Tanzina Vega: As the weather cools down and the pandemic drags on, many of us are bracing for a tough winter and even some of the hobbies that people took up to relax back in the spring might be starting to wear thin. Cooking, for example, is one of them. At the start of the pandemic, some people were fortunate enough to have the time and resources to try elaborate time-consuming recipes but seven months in, that sourdough starter might be losing a bit of its magic. To recapture some of that joy of cooking, we turn to an expert.
Sohla El-Waylly: My name is Sohla El-Waylly, I am the video host of Stump Sohla, and a resident at Food52.
Tanzina: Sohla's new YouTube show is all about experimenting in the kitchen.
Sohla: We need another plan. I don't think the floating mushroom islands are going to work, 18th century mac and cheese. It's not going to look anything like the mac and cheese from right now, but it's the 18th century. Grand finale, Twinkie. I'm going to turn the Twinkie into an ice cream sandwich. I'm going to try and make a liquid Sablé cookie with the cake, and then swirl the cream and some ice cream that we also got from [unintelligible 00:01:02].
Tanzina: Outside of her show, Sohla has been trying to keep it a little simpler lately.
Sohla: I, just like everyone else at the beginning of the pandemic, was really indulgent and baked lot, made a lot of cakes, bread, pies, cookies but now I think I need to move into the healthier food route, meaning a lot of quinoa and beans.
Tanzina: Before we got into some of Sohla's cooking tips for the coming months, she told me how cooking has helped her cope during the pandemic.
Sohla: There's something just really comforting about making yourself a meal that really helps in this chaos, to just come home and take some time. Well, I guess we're not going anywhere, stay home and take some time to make a really nice dinner, sit down with your family because I didn't really have that. My husband works crazy hours, so we rarely got to eat together. It's really nice being able to have meals together, and it just centers our life a little bit.
Tanzina: What about how you cook? You talked a little bit about what you're cooking, but what about how you cook? Are there specific routines? Are there things that you do during this time? Like you said, we're not going out much. Are there any routines that you've tried to stick with?
Sohla: Yes, I've definitely gotten more into meal planning and trying to focus more on cooking stuff that's one-pot or one-pan because cooking three meals a day, it's just an incredible amount of dishes, and it's quite a lot of work. I've just been trying to be a bit more organized, like roast a bunch of squash to eat for a few days. Things like that have really helped make it a lot easier.
Tanzina: Is that part of what you would recommend for folks, especially as we head into these colder months? One of the things I learned the first time around was making sure your freezer is as stocked as it can be with frozen vegetables and if you eat meat, with meat. I was doing it ad hoc, but this time I made a concerted effort to go out and get frozen vegetables and different cuts of meat that I could then separate and freeze.
Sohla: Actually, we have a really small New York City refrigerator, which doesn't work very well so we can't really depend on our freezer very well. Our freezer doesn't really freeze things. We're more of stocking up on the pantry people but for me, I don't really like making my meals in advance because I get bored, but I like prepping out parts of different components of dishes that I can play around with later, like make a big pot of beans, cook up a quart of quinoa, roast a bunch of vegetables, and then you can mix and match during the week without getting bored but we don't really have freezer access unfortunately. I think that if we did, we would be stocking up in there too.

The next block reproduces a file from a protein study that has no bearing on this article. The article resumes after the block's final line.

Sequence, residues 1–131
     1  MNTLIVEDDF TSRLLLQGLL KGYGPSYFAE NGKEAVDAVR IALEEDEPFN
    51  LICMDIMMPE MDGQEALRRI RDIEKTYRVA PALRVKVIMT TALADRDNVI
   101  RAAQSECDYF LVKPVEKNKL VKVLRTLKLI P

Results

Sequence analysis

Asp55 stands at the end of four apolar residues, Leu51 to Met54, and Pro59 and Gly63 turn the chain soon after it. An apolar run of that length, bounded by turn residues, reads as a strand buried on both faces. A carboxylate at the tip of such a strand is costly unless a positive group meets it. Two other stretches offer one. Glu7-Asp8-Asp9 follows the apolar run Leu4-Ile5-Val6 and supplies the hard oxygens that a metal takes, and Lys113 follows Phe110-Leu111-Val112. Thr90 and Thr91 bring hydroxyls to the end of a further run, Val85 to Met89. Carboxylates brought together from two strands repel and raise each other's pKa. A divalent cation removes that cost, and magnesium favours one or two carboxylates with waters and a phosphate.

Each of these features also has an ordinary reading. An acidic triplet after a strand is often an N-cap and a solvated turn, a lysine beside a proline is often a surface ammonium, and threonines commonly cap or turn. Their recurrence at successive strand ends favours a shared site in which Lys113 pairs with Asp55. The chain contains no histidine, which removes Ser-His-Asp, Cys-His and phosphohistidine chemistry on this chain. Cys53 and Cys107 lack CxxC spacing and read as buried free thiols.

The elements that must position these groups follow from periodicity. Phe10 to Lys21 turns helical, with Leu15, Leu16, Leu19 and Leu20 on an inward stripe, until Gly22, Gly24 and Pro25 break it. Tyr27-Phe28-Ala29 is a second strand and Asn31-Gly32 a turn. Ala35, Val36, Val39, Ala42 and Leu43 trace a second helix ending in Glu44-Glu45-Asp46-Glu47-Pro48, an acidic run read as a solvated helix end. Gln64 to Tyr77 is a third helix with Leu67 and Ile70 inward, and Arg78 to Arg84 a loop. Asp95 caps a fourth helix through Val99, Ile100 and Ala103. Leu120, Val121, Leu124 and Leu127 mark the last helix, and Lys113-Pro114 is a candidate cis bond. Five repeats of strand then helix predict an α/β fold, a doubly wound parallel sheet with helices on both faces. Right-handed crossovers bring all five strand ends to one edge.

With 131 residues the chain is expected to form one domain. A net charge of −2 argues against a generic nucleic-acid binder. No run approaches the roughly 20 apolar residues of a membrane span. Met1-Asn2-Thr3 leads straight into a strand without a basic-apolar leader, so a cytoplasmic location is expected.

Tanzina: Let's talk about the pantry then. What should people be thinking about in their pantry?
Sohla: Well, I believe that you must always have three kinds of rice. [laughs]
Tanzina: Three kinds of rice? Okay.
Sohla: Three kinds of rice, a long, a medium and a short. They'll do very different things for you. I like to have a really good aged basmati, a nice aromatic Jasmine, and then I love a really high quality sushi rice like Tamaki Gold. That's our standard in the house and it's just really nice. Those three kinds of rice can help you cook the globe. You can have tahdig one day with your basmati rice, and then make hand rolls the other day with a sushi rice. I think having a bunch of rice is great. I love having lots of beans. I've been really into giant white Lima beans lately because they are so creamy and they taste so indulgent, it feels like something a little bit more special than your typical cannellini or kidney bean. Then I've just been a big fan of quinoa lately. We're on a weird quinoa kick.
Tanzina: Holidays are coming up and lots of folks associate holidays with food and unfortunately, a lot of us are not going to be spending time with our families in-person because of the pandemic. How do you cook for the holidays this year? What should people be thinking about? Part of the joy is making huge meals that everyone can share, but we can't do that this time.
Sohla: I honestly think that you should still make the huge meal.
Tanzina: You do?
Sohla: Yes, I think it feels really fun, celebratory, even if it's just you and your immediate family, because you can have leftovers. I still want to feel like I'm having a celebration. For me, this year more than ever, it's very important to have a really fun and exciting Thanksgiving and Christmas because the year has been terrible.
Tanzina: I'm not going to disagree that it has definitely-- There are already Christmas ornaments that have 2020 displayed over a roaring dumpster fire, so I'm not going to disagree with you there but one thing I will say is that not everybody is as talented as you, Sohla, in the culinary art. For those folks who are listening and saying, "I don't even know. I don't have one kind of rice and Sohla wants me to get three kinds of rice," what advice would you give to the folks who are not as adept at the culinary arts?
Sohla: Well, I think a really easy thing that can also be very comforting is a braise. You really can't mess up a braise. You can get a tougher cut, like pork shoulder or lamb shoulder or beef short ribs. It's really easy. You can do a larger quantity or a smaller quantity and you just sear it, you cover it halfway with some broth or another flavorful liquid, and then you just let it simmer on top of your stovetop really delicately, partially covered or throw it in the oven and let it go. You just let it cook until it's totally tender and you really can't mess it up.